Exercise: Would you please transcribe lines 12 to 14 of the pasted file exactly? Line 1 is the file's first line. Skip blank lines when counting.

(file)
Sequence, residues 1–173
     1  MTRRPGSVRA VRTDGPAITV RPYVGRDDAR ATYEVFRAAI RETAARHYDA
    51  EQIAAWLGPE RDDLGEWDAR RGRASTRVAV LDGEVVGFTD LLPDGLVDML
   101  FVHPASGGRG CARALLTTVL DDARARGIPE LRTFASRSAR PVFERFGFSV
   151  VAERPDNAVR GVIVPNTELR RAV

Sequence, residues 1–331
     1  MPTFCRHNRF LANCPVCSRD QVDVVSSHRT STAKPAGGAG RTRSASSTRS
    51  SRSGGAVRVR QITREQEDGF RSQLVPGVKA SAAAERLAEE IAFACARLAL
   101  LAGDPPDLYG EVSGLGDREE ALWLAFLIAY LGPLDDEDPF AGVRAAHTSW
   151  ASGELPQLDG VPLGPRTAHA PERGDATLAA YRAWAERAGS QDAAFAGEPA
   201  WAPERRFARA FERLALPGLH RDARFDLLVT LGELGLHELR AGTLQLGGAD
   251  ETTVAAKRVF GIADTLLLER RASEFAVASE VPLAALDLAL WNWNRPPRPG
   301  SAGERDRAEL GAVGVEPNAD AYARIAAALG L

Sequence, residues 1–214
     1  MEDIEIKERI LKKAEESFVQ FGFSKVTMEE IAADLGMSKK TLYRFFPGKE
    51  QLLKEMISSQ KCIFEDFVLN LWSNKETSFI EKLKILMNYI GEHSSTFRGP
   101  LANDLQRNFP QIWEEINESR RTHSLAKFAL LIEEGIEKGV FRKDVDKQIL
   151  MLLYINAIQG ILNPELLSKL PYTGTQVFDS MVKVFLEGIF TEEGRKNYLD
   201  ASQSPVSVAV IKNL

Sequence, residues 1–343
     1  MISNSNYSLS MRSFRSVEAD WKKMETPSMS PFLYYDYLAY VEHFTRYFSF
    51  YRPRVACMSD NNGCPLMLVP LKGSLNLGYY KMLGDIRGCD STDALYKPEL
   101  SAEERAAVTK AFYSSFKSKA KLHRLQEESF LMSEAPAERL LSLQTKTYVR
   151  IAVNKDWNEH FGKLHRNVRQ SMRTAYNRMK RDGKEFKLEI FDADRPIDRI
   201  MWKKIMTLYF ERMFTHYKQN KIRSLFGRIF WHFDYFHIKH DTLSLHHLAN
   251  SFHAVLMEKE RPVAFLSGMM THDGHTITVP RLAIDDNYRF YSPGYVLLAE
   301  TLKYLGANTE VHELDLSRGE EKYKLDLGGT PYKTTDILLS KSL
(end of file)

   251  ETTVAAKRVF GIADTLLLER RASEFAVASE VPLAALDLAL WNWNRPPRPG
   301  SAGERDRAEL GAVGVEPNAD AYARIAAALG L

Sequence, residues 1–214